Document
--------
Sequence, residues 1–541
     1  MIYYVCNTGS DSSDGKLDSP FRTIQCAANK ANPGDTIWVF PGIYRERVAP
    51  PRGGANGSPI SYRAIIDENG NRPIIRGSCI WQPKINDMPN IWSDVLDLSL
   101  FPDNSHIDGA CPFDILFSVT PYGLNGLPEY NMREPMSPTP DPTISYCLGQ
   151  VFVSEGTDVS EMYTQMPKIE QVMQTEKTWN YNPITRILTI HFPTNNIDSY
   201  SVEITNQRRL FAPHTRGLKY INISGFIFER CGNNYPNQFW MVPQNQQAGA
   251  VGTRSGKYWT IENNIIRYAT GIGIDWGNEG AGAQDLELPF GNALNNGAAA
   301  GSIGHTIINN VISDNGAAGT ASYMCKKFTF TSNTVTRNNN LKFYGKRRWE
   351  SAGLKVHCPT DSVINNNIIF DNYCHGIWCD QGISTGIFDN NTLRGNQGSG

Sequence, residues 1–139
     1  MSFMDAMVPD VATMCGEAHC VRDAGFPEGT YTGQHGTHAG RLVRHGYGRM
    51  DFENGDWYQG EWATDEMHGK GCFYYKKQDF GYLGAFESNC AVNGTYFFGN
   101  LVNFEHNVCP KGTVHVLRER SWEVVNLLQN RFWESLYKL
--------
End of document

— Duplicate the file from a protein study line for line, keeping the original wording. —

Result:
Sequence, residues 1–541
     1  MIYYVCNTGS DSSDGKLDSP FRTIQCAANK ANPGDTIWVF PGIYRERVAP
    51  PRGGANGSPI SYRAIIDENG NRPIIRGSCI WQPKINDMPN IWSDVLDLSL
   101  FPDNSHIDGA CPFDILFSVT PYGLNGLPEY NMREPMSPTP DPTISYCLGQ
   151  VFVSEGTDVS EMYTQMPKIE QVMQTEKTWN YNPITRILTI HFPTNNIDSY
   201  SVEITNQRRL FAPHTRGLKY INISGFIFER CGNNYPNQFW MVPQNQQAGA
   251  VGTRSGKYWT IENNIIRYAT GIGIDWGNEG AGAQDLELPF GNALNNGAAA
   301  GSIGHTIINN VISDNGAAGT ASYMCKKFTF TSNTVTRNNN LKFYGKRRWE
   351  SAGLKVHCPT DSVINNNIIF DNYCHGIWCD QGISTGIFDN NTLRGNQGSG

Sequence, residues 1–139
     1  MSFMDAMVPD VATMCGEAHC VRDAGFPEGT YTGQHGTHAG RLVRHGYGRM
    51  DFENGDWYQG EWATDEMHGK GCFYYKKQDF GYLGAFESNC AVNGTYFFGN
   101  LVNFEHNVCP KGTVHVLRER SWEVVNLLQN RFWESLYKL